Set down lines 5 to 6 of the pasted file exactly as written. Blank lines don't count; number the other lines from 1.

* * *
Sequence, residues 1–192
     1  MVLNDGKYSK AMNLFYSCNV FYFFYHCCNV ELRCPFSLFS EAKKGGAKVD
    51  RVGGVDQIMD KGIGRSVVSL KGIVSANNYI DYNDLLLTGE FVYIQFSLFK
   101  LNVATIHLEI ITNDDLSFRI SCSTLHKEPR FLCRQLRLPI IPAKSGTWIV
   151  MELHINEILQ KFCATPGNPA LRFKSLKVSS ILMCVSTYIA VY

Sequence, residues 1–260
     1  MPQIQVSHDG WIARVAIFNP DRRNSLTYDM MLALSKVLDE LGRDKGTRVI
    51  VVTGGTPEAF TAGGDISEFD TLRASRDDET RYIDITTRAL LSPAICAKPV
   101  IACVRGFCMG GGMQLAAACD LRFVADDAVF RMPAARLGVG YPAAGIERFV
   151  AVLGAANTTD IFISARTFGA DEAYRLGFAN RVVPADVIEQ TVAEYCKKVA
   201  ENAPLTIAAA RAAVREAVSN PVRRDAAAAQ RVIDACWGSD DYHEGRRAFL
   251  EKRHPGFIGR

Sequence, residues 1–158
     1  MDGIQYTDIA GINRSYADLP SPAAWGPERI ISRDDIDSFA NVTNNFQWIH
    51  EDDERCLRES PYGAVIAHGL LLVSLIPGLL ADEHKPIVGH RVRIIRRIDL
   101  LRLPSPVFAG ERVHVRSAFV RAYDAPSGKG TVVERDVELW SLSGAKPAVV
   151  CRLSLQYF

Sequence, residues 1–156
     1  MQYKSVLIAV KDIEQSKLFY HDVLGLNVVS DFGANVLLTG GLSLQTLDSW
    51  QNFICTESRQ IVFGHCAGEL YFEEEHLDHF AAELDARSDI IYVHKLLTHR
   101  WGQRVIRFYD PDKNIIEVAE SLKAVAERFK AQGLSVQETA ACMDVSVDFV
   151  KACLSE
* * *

   151  MELHINEILQ KFCATPGNPA LRFKSLKVSS ILMCVSTYIA VY

Sequence, residues 1–260